5. Use the Internet to cut out the middleman. One of the interesting features about the Internet is that has a disintermediation affect, and it’s beginning to cut out the middleman mark ups by linking buyers with manufacturers. For example, instead of keeping your traditional landline that costs $50+ per month, disconnect it and switch to MagicJack that costs $20 per year. If you’re cable TV is too expensive, renegotiate a better rate (excellent step by step instructions here and here). If you live in a major metro area with lots of small businesses bending over backwards for customers, learn how to use social media bargain hunting sites where half off deals and coupons are targeted specifically for your area.

I hope that gives you some insight into where you stand. Either way, regardless of whether you’re cash flow positive or cash flow negative, chances are fairly high you’ll improve your situation by simply knowing this most basic of personal finance metrics. If you’re in the red, you’ll want to right the ship. If you’re in the black, you’ll want to cut costs and/or boost your income.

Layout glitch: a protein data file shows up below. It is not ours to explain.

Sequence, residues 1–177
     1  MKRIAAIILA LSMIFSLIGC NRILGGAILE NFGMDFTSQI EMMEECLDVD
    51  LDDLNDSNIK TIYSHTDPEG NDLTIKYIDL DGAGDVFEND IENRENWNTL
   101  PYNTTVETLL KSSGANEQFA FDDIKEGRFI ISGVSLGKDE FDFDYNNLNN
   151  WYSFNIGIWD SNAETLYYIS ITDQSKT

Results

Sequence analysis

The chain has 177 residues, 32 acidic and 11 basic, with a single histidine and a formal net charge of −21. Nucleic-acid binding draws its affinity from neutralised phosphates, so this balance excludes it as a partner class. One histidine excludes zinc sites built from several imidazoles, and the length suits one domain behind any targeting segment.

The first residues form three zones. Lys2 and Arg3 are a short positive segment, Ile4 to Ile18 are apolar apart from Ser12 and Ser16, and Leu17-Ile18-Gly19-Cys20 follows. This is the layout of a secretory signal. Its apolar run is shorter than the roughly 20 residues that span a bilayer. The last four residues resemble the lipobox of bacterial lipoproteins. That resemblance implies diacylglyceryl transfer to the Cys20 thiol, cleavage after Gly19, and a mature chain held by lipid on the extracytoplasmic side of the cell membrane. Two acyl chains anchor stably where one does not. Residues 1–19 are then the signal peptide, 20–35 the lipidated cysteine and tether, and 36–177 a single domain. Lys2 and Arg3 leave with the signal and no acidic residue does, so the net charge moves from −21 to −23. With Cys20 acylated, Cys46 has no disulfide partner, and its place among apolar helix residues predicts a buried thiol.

As always, if you have questions or need assistance in calculating your cash flow statement, just leave a comment or use the contact me page and we’ll get you on the right track.

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Posted by CJ   @   5 February 2010 9 comments
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9 Comments

Comments
Feb 6, 2010
12:14 pm

Thanks for linking to my Comcast suggestions! Awesome post.

Feb 6, 2010
1:58 pm
#2 Matt SF :

No problem. Was a good post and hopefully will inspire others to do the same.

Feb 8, 2010
1:08 pm

Great post – you can’t spell it out more clearly than that. Loads of resources and nice of you to share your personal experiences of over-consumption too.

Feb 8, 2010
2:31 pm
#4 Matt SF :

Thanks HA. I think some of the best, and perhaps personal, posts come from those individuals who found themselves knee deep (or deeper) in a situation and managed to dig themselves out. Somehow, that personal touch gives it that something extra.